Part IV – Housekeeping
An Igbo adage says that a man needs to know where the rain began to beat him in order to determine when and where to begin to wipe his body.
Before we begin to consider opportunities post COVID-19, I believe that we need to go back to first principles.
CIBN has a major role to play in industry research and capacity development. Have we developed trainings for the local idiosyncrasies we find in lending to the target economic sectors or do we simply borrow programs and modules designed for other jurisdictions?
Where are our Retail Centre Finance specialists? Hospital and medical equipment experts, local rice paddy and mills finance experts, horticulture, yam, legume, aquaculture, education, kilishi and beef products etc finance experts?
If risk is allocated to the party best suited to bear the risk, have we invested in preparing local expertise to dimension and understand the parties suited to bear the risk?
Risk Underwriters versus Liquidity Providers
I think it has become clear that the reason why local commercial banks are not lending to some sectors is not just about unavailability of longer term funding but more of risk underwriting capacity.
So far, most, if not all the solutions put forward are all targeted at providing long tenured funding and liquidity without addressing risk enhancement and underwriting.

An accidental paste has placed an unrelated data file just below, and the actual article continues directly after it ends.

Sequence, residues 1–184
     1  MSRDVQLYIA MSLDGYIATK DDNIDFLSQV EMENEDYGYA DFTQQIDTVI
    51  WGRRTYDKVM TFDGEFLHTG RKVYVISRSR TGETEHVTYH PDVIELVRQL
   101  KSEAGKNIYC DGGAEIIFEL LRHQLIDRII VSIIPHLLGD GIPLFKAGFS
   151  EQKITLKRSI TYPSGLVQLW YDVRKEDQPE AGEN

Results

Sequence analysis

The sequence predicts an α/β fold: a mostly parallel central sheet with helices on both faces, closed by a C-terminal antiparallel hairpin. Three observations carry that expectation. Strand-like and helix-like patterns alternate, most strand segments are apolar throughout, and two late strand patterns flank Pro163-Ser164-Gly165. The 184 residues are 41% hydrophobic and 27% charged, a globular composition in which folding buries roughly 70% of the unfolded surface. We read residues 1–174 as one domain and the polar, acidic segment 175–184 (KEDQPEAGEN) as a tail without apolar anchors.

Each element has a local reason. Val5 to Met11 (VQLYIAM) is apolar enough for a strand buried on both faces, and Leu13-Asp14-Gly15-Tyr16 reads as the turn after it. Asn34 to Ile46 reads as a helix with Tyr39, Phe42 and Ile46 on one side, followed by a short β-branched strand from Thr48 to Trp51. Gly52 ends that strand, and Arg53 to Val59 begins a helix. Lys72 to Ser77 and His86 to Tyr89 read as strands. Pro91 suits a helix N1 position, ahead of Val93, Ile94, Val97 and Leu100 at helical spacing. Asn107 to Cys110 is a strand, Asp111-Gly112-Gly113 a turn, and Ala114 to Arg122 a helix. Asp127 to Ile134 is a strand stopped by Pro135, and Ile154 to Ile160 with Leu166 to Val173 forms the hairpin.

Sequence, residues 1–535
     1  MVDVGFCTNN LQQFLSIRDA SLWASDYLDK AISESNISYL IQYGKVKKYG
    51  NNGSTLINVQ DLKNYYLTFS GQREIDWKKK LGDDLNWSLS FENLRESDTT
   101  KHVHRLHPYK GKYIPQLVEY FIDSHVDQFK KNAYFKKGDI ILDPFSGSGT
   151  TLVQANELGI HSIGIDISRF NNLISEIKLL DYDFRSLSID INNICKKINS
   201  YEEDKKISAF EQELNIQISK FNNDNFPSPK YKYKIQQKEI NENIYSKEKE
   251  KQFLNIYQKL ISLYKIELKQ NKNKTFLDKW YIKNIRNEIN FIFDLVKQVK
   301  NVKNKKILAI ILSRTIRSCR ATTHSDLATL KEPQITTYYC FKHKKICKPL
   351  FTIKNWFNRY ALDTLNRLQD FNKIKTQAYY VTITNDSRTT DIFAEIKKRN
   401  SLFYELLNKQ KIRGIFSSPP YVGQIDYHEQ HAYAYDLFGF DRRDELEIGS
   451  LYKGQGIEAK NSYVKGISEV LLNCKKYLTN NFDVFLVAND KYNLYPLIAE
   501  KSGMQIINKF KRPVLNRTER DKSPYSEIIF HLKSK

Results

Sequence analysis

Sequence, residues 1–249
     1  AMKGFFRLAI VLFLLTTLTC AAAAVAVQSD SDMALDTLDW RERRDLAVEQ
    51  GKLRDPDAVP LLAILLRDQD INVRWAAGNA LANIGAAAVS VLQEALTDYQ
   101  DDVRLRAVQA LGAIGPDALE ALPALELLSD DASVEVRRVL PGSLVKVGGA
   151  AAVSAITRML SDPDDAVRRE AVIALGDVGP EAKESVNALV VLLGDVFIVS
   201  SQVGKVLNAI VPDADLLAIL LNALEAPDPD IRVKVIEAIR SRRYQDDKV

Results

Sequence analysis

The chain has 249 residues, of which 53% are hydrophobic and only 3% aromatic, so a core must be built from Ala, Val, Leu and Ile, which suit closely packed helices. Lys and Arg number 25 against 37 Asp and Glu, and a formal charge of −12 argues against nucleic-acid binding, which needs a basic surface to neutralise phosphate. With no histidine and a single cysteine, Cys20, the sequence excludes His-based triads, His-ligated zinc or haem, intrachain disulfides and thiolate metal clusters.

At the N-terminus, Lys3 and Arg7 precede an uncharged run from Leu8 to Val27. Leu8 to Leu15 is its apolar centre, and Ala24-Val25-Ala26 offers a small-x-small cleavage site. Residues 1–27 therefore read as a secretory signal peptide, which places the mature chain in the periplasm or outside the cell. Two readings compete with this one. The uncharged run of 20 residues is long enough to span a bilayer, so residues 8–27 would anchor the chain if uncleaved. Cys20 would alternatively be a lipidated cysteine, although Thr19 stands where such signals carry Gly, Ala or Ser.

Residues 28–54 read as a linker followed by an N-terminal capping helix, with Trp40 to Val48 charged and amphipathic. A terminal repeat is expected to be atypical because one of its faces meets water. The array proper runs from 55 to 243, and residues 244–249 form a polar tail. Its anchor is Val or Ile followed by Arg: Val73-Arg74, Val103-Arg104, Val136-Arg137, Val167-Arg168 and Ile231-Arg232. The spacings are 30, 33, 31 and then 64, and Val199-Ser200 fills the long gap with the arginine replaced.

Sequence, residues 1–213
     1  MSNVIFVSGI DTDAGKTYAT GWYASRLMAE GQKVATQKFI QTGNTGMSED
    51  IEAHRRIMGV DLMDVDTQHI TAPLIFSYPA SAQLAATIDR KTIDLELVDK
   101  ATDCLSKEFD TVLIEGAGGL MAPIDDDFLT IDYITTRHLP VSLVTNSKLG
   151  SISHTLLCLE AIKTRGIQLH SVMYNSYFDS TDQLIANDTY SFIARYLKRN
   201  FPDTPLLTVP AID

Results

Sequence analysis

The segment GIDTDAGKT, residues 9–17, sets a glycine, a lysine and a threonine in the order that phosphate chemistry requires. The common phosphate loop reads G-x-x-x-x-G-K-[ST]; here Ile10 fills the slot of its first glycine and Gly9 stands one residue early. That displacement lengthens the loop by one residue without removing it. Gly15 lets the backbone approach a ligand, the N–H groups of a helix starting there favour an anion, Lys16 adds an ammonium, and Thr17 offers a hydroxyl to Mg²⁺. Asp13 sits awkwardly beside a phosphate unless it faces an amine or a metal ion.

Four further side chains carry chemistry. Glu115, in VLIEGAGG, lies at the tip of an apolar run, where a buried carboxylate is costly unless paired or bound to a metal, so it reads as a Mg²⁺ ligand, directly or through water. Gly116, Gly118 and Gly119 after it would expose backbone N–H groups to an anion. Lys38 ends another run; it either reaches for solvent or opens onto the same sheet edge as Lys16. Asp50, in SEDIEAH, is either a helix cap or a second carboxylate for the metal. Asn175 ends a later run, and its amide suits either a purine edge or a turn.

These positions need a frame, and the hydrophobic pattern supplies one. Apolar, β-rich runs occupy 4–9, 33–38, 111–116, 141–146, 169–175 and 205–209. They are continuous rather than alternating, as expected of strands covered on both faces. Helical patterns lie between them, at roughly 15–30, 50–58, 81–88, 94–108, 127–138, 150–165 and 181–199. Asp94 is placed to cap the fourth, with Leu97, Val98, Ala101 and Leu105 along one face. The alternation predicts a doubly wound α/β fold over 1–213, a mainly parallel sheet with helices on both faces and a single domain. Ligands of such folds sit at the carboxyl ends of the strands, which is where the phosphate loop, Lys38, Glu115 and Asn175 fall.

The real danger is that 18 to 24 months down the line, we will potentially face an explosion in NPLs in the very sectors that we are trying to drive funding to. Agriculture has already witnessed a 41.93% uptick in NPLs between Q4 2018 and Q4 2019 and it will not be surprising if other target sectors follow this trend by Q4 2020 / Q4 2021.
As for our local DFIs, in-house risk underwriting capacity has to be built. While it may be difficult to inject equity to most of the projects given limited exit options, other Mezzanine funding equity earnings structures such as royalties should be explored to compensate for the equity risk undertaken.
As at June 30, 2020, total industry CRR with the CBN stood at N11.119 Trillion. Compare this to total industry Loans and Advances of N16.028 Trillion and total Industry Customer Deposits of N28.272 Trillion (out of which N22.063 Trillion are Naira deposits).
This DDCRR at 39% of total industry customer deposit and 50% of total industry customer naira deposit is a significant tax on the banks.